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J Proteome Res. 2016 Nov 4;15(11):4101-4115. Epub 2016 Sep 15.

Detection of Missing Proteins Using the PRIDE Database as a Source of Mass Spectrometry Evidence.

Author information

Proteomics and Bioinformatics Unit, Center for Applied Medical Research, University of Navarra , 31008, Pamplona, Spain.
IdiSNA, Navarra Institute for Health Research , 31008, Pamplona, Spain.
Proteomics Unit, Spanish National Cancer Research Centre , 28029, Madrid, Spain.
European Molecular Biology Laboratory, European Bioinformatics Institute , Wellcome Trust GenomeCampus, Hinxton, Cambridge, CB10 1SD, U.K.
Proteomics Unit (SCSIE), University of Valencia , 46010, Valencia, Spain.
Andrology Laboratory and Sperm Bank, Instituto Universitario IVI , 46015, Valencia, Spain.
Fundación IVI/INCLIVA , 46010, Valencia, Spain.
Biochemistry Department, University of Valencia , 46010, Valencia, Spain.
Division of Hepatology and Gene Therapy, Center for Applied Medical Research, University of Navarra , 31008, Pamplona, Spain.


The current catalogue of the human proteome is not yet complete, as experimental proteomics evidence is still elusive for a group of proteins known as the missing proteins. The Human Proteome Project (HPP) has been successfully using technology and bioinformatic resources to improve the characterization of such challenging proteins. In this manuscript, we propose a pipeline starting with the mining of the PRIDE database to select a group of data sets potentially enriched in missing proteins that are subsequently analyzed for protein identification with a method based on the statistical analysis of proteotypic peptides. Spermatozoa and the HEK293 cell line were found to be a promising source of missing proteins and clearly merit further attention in future studies. After the analysis of the selected samples, we found 342 PSMs, suggesting the presence of 97 missing proteins in human spermatozoa or the HEK293 cell line, while only 36 missing proteins were potentially detected in the retina, frontal cortex, aorta thoracica, or placenta. The functional analysis of the missing proteins detected confirmed their tissue specificity, and the validation of a selected set of peptides using targeted proteomics (SRM/MRM assays) further supports the utility of the proposed pipeline. As illustrative examples, DNAH3 and TEPP in spermatozoa, and UNCX and ATAD3C in HEK293 cells were some of the more robust and remarkable identifications in this study. We provide evidence indicating the relevance to carefully analyze the ever-increasing MS/MS data available from PRIDE and other repositories as sources for missing proteins detection in specific biological matrices as revealed for HEK293 cells.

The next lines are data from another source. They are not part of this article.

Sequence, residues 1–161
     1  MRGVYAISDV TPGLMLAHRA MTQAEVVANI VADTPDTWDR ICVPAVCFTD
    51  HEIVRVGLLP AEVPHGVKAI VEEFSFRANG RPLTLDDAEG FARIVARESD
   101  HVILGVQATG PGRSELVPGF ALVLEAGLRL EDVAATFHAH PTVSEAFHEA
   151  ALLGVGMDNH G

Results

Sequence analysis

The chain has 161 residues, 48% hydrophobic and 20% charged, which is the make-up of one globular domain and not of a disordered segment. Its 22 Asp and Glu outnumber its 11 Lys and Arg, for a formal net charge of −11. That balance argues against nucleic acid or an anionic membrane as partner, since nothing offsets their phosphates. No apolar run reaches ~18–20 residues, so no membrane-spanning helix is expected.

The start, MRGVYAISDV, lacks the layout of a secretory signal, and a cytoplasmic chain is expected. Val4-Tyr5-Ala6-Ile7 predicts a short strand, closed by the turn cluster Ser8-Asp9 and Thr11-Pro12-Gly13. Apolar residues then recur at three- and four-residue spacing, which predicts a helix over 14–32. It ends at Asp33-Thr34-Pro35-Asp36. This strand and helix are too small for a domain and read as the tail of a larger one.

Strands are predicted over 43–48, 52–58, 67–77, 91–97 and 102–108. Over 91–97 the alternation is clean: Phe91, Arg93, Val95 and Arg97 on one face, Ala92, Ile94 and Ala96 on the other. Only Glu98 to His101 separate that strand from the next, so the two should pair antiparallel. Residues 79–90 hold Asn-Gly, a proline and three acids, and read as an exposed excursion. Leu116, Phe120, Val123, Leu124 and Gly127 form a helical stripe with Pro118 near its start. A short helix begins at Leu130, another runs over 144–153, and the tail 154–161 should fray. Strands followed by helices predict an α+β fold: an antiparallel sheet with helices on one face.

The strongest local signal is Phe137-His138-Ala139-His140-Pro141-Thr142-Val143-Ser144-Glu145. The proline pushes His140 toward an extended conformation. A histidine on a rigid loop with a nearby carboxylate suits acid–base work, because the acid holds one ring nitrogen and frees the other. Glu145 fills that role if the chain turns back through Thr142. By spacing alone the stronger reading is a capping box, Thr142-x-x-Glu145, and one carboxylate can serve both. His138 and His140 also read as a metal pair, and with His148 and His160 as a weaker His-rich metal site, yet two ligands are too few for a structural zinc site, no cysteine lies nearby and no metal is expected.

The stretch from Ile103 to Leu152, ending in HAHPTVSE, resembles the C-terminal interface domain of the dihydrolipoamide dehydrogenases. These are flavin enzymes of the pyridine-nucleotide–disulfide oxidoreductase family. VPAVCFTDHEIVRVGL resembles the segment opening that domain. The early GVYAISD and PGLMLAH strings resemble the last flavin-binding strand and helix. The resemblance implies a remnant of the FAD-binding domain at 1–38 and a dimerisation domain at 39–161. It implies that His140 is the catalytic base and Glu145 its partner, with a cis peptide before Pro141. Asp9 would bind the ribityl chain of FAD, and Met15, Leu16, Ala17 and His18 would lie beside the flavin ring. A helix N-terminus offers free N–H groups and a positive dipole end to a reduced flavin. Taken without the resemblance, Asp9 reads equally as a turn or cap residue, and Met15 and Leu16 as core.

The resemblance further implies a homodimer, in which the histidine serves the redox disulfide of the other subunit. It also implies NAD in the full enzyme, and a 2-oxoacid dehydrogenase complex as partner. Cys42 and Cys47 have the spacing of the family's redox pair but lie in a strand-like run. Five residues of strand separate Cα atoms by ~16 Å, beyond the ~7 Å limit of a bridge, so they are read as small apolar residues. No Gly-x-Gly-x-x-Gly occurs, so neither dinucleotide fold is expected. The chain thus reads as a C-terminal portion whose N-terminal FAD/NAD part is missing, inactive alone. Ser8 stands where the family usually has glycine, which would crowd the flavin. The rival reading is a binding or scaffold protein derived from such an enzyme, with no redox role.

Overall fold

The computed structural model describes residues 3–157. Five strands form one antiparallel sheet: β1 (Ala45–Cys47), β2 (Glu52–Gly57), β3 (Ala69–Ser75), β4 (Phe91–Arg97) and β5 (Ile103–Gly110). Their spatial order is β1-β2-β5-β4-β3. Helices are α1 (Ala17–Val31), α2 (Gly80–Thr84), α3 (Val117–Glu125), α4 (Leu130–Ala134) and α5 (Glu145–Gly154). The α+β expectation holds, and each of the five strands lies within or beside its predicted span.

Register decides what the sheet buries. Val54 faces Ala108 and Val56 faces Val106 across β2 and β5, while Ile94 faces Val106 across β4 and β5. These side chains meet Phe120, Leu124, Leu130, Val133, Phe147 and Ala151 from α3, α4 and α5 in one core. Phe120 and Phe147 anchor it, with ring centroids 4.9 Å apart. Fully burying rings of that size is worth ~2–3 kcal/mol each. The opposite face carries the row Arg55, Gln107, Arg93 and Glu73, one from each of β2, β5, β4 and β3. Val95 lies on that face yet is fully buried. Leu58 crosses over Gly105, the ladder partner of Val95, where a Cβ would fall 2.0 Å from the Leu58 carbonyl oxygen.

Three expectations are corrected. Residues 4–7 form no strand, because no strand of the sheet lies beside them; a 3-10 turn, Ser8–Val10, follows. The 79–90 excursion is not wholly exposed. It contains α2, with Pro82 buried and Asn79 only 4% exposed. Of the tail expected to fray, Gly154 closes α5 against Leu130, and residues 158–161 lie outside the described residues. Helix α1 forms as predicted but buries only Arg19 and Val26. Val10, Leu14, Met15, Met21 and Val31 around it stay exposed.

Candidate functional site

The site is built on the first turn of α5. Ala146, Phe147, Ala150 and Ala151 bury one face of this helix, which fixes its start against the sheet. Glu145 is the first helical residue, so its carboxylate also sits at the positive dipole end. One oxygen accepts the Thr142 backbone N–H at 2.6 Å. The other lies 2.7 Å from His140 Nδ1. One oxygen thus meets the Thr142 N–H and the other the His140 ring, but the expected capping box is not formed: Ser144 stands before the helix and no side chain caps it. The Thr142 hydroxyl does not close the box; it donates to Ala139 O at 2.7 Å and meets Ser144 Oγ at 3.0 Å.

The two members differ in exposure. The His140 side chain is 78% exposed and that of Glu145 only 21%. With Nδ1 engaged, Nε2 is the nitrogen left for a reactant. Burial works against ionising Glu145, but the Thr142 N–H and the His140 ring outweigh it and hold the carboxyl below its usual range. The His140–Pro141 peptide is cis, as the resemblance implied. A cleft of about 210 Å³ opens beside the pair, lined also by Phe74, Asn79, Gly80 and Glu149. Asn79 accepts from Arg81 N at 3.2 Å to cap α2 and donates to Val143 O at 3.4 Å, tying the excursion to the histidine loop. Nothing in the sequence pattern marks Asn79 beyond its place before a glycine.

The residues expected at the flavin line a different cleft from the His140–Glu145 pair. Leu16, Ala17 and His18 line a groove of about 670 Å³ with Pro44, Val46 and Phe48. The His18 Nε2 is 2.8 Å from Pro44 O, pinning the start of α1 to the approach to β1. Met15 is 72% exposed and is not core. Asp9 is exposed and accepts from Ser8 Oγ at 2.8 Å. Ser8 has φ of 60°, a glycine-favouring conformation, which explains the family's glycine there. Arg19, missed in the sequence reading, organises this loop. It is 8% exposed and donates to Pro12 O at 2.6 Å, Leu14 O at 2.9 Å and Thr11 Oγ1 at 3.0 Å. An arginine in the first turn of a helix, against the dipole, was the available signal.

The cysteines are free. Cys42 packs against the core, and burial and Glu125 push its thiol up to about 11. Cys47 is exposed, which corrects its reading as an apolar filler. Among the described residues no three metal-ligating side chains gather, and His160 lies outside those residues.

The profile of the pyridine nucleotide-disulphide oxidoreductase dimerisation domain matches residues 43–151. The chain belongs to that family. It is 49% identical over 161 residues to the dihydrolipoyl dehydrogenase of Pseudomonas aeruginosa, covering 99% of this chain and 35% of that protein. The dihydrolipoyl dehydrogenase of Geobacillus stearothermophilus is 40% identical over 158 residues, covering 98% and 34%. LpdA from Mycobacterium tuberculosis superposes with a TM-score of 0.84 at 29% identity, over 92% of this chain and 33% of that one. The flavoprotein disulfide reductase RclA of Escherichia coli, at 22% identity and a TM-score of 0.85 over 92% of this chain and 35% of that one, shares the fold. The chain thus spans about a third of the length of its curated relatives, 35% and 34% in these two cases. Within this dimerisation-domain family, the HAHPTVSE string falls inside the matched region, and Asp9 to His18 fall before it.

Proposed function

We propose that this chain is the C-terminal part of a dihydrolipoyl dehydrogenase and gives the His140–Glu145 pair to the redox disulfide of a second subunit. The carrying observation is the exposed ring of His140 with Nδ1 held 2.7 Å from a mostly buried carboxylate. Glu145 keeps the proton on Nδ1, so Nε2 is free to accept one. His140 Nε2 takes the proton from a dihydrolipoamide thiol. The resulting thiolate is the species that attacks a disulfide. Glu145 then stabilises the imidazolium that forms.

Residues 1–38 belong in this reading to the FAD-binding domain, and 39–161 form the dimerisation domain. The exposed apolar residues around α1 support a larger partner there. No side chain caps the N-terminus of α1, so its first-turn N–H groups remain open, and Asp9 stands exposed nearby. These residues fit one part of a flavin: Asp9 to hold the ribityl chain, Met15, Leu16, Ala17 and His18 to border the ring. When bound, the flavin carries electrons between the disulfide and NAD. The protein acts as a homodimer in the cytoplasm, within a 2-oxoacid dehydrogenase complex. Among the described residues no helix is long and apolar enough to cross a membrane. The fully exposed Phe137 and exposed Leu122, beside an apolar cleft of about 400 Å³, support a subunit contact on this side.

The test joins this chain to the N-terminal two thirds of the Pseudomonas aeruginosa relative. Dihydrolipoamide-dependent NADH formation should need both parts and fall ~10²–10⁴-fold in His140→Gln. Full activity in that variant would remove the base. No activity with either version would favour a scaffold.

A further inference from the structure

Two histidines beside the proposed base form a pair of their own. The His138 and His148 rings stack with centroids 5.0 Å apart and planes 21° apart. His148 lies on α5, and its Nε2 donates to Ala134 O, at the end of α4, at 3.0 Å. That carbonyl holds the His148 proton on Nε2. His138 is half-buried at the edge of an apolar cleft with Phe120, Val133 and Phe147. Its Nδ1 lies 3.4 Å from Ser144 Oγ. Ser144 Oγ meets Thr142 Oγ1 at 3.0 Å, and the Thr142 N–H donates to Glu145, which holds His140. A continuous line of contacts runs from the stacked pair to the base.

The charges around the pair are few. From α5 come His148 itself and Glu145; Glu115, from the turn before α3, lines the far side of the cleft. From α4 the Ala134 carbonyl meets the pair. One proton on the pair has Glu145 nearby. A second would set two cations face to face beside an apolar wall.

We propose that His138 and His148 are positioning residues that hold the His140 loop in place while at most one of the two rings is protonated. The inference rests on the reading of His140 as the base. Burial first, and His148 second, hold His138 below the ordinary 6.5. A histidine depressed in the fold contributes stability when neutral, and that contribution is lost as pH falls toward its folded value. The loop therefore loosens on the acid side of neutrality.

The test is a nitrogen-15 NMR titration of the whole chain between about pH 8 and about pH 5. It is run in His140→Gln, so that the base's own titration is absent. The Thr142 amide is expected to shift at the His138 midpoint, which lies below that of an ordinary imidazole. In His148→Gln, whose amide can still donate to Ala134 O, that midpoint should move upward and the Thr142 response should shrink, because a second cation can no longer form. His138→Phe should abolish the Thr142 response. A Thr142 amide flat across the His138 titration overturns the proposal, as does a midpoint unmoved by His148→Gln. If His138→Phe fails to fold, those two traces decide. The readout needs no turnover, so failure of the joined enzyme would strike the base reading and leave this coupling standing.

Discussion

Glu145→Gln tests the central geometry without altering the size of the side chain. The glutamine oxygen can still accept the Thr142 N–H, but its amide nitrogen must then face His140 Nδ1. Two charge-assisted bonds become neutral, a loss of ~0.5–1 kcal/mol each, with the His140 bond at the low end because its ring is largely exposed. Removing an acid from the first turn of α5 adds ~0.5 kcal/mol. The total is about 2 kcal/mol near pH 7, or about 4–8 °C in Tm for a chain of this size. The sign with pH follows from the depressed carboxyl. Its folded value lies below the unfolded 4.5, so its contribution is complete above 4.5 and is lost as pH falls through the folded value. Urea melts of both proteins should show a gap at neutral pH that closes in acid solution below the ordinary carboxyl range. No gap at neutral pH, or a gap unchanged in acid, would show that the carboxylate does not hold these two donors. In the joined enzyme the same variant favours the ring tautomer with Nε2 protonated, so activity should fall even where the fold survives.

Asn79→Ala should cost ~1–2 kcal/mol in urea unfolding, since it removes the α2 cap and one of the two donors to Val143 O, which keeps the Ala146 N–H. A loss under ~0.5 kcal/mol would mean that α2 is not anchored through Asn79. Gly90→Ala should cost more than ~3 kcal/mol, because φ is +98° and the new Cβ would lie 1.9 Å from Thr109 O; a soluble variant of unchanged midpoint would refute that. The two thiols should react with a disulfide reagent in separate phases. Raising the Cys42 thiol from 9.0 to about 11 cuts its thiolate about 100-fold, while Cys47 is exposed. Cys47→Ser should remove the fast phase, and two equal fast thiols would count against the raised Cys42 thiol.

C-HPP; MS/MS proteomics; PRIDE database; missing proteins

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